Cavity disinfection in minimally invasive dentistry - comparative evaluation of Aloe vera and propolis: A randomized clinical trial.

Prabhakar AR, Karuna YM, Yavagal C, Deepak BM - Contemp Clin Dent (2015)

Comparison of the mean bacterial count between the study groups before excavation, after excavation and after cavity disinfection
© Copyright Policy - open-access
Related In: Results  -  Collection

License
Show All Figures
getmorefigures.php?uid=PMC4374313&req=5

Figure 1: Comparison of the mean bacterial count between the study groups before excavation, after excavation and after cavity disinfection
Mentions: When inter group comparisons were made using one-way ANOVA [Table 4 and Illustration 1], and pair wise comparisons were done using post-hoc Tukey's test [Table 5], there was no statistically significant difference among the three study groups in the bacterial colony count at two phases of experiment viz preexcavation and also postexcavation. But when bacterial counts were compared postcavity disinfection there were statistically significant differences among the groups (P < 0.01). The reduction in the number of bacterial colonies after cavity disinfection was statistically significant in both Group II and Group III, when compared to Group I (P < 0.001). However, the difference observed between Group II and Group III in terms of TVC after cavity disinfection was not statistically significant (P = 0.99) [Figures 1–9].

Bottom Line: In all the three groups, significant amount of bacteria were left behind after hand excavation.Hand excavation alone does not completely eliminate bacteria, which may predispose treated teeth to secondary caries.Both propolis and A. vera extracts can be used as potential natural disinfecting agents, thereby embracing the concept of phytotherapy in minimum intervention dentistry.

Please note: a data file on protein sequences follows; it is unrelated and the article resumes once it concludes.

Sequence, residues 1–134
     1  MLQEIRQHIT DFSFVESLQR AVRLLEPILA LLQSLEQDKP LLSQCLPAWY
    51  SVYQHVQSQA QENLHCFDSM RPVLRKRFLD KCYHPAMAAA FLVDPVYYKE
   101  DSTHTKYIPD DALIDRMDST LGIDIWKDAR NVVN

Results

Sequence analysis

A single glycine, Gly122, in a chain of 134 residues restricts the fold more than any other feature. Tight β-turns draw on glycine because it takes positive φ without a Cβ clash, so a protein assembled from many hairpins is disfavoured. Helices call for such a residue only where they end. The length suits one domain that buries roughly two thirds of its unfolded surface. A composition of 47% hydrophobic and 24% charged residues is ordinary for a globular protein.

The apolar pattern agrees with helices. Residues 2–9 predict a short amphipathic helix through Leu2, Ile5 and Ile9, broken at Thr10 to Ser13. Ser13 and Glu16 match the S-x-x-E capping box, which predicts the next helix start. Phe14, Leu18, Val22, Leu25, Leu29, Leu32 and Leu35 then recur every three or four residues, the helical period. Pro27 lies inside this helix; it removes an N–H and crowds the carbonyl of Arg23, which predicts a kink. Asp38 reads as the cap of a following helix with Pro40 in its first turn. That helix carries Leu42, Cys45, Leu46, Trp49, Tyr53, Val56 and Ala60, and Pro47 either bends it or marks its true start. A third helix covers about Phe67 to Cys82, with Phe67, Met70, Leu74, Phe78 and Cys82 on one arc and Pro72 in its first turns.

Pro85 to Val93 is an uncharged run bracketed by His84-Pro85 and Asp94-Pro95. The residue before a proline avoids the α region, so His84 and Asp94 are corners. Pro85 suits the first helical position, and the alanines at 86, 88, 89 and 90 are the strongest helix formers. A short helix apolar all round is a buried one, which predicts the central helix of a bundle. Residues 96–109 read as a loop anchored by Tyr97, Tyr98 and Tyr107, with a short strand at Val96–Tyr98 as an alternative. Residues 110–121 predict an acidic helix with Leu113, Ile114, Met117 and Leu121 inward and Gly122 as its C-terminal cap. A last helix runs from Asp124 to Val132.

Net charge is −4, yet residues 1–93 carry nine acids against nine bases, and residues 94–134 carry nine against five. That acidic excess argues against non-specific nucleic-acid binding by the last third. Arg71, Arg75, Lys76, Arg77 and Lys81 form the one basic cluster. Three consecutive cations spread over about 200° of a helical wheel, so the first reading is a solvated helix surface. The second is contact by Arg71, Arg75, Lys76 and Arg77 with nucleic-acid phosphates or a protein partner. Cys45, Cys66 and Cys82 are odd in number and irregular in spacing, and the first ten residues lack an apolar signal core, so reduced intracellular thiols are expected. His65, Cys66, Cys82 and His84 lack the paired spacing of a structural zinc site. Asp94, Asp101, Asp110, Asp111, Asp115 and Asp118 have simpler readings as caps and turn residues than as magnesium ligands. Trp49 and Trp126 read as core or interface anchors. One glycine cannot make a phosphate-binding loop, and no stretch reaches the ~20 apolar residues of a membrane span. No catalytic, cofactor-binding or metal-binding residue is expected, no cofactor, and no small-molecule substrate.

View Article: PubMed Central - PubMed

Affiliation: Department of Pedodontics and Preventive Dentistry, Bapuji Dental College and Hospital, Davangere, Karnataka, India.

ABSTRACT

Context: The survival of atraumatic restorative treatment (ART) restorations would probably increase if near total elimination of cariogenic microorganisms could be done in the process of cavity cleaning before going ahead with the restoration. Thus, use of naturally occurring disinfecting agents for achieving this goal could herald a new beginning in the field of contemporary minimum intervention dentistry.

Aims: To evaluate the efficacy of hand instruments in excavating dental caries and comparatively evaluate the roles of Aloe vera and propolis as potential cavity disinfecting agents after minimally invasive hand excavation of dental caries.

Settings and designs: Experimental, in vivo intergroup split mouth, randomized clinical trial.

Subjects and methods: The study included Group I (Control), Group II (A. vera) and Group III (propolis). Ten patients with three teeth each have occlusal/occlusoproximal lesions suitable for ART were selected. Dentinal samples were collected three times from each tooth viz., preexcavation, postexcavation and postdisinfection of the cavities. These dentinal samples were subjected to microbiological analyses for total viable count.

Statistical analysis used: Repeated measures of analysis of variance (ANOVA) with Bonferroni post-hoc test and one-way ANOVA with Tukey post-hoc test.

Results: In all the three groups, significant amount of bacteria were left behind after hand excavation. Group II and Group III, in which cavities were treated with A. vera and propolis extracts respectively, showed a significant reduction in the bacterial counts when compared to control the group.

Conclusions: Hand excavation alone does not completely eliminate bacteria, which may predispose treated teeth to secondary caries. Both propolis and A. vera extracts can be used as potential natural disinfecting agents, thereby embracing the concept of phytotherapy in minimum intervention dentistry.

No MeSH data available.


Related in: MedlinePlus